Countering The Counter Reformation
Commentary by Roger Oakland
For printer friendly version,
Note: Because of current
events happening within the church, UTT is
posting this excerpt from Roger Oakland's
book Let There Be Light
Before dealing with the subject matter of this commentary, I need to make a disclaimer. While I am sometimes accused of being a “Catholic-basher,” this is not my desire, nor my intention. I have a number of Roman Catholic acquaintances, and I care for them very much. I also have a number of evangelical and Protestant acquaintances, and I care about them equally as well. However, in both cases, if a true understanding of the Gospel according to the Scriptures is not present in their lives, then their views will not be biblical—it won’t matter what they call themselves. For the record, my desire is to follow Jesus Christ and His Word and no man, no matter who he is. Likewise, I desire my acquaintances to do the same. It is love, not hate, that motivates me to share the Gospel with them, for there is only one Gospel that truly saves.
Here is the view I promote. Saving faith hinges entirely on a personal relationship with Jesus Christ, not on an affiliation with a church body. To be born again is to die to the old life of living for self and sin and to be reborn of the Spirit of God when one acknowledges his inability to save himself but rather trusts in Christ alone and His death on the Cross to purchase our salvation.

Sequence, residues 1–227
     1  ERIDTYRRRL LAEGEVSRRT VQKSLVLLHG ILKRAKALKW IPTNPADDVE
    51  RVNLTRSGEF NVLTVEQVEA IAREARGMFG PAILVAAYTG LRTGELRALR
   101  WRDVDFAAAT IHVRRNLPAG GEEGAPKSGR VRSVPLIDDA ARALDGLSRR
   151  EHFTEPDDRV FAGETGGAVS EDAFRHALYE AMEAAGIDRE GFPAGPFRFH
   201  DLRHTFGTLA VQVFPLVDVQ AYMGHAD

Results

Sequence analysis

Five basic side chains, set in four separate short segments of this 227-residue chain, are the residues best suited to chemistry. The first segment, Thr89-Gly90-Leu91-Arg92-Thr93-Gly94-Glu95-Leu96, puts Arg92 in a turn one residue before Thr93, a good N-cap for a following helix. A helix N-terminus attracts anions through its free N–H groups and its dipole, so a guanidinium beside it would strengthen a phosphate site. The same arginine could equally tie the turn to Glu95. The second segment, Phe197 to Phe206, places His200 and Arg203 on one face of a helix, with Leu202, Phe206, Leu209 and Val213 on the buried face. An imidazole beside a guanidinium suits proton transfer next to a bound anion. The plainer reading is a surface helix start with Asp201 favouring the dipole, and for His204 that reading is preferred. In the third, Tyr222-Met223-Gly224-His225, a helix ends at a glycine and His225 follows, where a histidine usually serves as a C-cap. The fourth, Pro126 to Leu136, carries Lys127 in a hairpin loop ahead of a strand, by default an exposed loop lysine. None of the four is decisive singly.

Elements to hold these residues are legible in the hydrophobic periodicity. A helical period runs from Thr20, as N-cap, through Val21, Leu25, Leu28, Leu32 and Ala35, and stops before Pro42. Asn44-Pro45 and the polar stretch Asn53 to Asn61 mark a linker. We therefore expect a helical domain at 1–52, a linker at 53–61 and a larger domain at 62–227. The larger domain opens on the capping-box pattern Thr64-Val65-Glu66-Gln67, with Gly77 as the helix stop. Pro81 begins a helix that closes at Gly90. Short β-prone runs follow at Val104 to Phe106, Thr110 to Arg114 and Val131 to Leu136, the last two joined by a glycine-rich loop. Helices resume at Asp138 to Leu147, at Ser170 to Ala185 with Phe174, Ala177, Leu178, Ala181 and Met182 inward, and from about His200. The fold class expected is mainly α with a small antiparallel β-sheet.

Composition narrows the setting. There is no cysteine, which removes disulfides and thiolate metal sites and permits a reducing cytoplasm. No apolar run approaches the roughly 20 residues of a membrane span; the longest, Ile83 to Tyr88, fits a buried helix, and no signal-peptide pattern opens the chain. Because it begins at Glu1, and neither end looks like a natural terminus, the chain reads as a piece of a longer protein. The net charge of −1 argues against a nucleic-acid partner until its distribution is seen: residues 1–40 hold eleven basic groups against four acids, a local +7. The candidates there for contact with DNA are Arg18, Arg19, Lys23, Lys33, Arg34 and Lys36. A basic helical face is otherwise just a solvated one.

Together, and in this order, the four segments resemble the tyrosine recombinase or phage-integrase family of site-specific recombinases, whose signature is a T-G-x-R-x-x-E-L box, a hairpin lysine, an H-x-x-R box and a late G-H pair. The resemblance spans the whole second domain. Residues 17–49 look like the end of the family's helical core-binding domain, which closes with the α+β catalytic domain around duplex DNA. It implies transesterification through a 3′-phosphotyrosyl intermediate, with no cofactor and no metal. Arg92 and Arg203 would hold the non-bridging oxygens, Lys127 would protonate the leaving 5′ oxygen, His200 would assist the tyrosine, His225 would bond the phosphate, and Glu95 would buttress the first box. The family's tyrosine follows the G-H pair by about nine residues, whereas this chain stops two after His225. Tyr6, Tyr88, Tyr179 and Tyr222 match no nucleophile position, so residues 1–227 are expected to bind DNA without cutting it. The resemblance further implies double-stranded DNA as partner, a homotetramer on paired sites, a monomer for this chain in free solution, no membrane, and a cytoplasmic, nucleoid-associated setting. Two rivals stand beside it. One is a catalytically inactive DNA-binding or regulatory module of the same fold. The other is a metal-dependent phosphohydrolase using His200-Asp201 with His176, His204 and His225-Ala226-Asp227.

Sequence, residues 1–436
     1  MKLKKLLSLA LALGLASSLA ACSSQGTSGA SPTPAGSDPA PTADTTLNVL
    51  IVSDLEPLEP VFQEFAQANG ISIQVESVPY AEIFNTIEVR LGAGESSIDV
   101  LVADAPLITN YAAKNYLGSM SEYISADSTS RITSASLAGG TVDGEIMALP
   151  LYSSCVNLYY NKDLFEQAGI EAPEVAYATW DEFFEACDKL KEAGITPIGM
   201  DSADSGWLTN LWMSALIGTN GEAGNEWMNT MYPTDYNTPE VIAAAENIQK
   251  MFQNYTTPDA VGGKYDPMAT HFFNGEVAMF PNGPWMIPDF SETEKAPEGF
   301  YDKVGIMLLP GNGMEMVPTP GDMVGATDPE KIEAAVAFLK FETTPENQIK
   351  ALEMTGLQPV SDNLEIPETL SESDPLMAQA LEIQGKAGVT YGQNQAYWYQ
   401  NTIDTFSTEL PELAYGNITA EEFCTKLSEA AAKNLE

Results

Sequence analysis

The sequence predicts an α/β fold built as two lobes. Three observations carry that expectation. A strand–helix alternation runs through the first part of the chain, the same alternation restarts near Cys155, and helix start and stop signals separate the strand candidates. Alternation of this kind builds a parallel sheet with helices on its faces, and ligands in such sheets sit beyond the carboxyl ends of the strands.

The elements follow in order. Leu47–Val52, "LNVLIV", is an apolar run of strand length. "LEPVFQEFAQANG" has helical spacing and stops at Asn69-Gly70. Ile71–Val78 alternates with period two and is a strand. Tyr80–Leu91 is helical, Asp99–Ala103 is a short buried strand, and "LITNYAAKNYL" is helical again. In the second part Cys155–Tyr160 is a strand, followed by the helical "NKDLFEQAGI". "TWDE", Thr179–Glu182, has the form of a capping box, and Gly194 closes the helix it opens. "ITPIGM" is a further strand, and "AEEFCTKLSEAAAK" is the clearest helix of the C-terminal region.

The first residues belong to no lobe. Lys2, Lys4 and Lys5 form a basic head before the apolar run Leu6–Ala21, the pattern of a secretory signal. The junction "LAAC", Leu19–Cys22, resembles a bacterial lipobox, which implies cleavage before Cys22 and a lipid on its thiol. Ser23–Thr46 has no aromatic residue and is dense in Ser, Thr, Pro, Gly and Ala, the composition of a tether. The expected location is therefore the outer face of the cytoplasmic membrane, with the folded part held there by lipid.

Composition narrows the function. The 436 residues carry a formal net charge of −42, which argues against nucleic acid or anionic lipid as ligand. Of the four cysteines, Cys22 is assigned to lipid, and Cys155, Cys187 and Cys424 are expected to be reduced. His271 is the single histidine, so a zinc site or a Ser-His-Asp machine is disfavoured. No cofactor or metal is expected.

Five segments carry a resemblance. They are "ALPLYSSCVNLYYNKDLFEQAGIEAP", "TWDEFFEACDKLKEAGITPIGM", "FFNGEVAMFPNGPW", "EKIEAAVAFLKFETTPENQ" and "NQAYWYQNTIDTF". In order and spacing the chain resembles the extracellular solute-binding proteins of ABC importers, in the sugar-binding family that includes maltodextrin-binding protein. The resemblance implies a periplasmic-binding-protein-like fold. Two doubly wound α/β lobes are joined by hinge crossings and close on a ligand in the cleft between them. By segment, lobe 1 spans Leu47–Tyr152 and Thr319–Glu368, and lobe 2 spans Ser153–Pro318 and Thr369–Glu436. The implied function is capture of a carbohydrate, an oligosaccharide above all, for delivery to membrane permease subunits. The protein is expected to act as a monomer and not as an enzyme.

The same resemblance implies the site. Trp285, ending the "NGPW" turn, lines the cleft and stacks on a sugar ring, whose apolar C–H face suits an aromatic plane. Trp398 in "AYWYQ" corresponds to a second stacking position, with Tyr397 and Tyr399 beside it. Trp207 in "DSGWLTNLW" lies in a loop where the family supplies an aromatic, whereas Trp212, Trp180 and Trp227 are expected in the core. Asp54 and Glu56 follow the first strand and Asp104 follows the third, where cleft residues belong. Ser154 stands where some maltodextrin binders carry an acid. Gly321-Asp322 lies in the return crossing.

Many Catholics do not realize that official Catholic teaching does not recognize the biblical Gospel of salvation by grace alone but adds to it the appendage of our merit and participation in the sacraments. By the same token, many Protestants do not realize the biblical faith that martyrs (the disciples, the reformers, etc.) lived and died for. Our hope of an eternal home in Heaven rests in Christ and Christ alone and is offered to all, who in child-like faith, receive Him.
I am not certain when I first realized that the Roman Catholic Church, particularly the Jesuits, were the root force behind the coming one-world religion. If I were pressed to come up with an original time, it would be difficult. Coming to this realization was more of a process for me. The Bible foretells the coming of the Harlot. Through writing New Wine and the Babylonian Vine, I could see that the final one-world religion will be a mix of all religions for the cause of peace. This will include a revival of ancient Babylonianism that will be rooted in the worship of creation, based on Darwinian evolution that is rooted in Hinduism and Buddhism.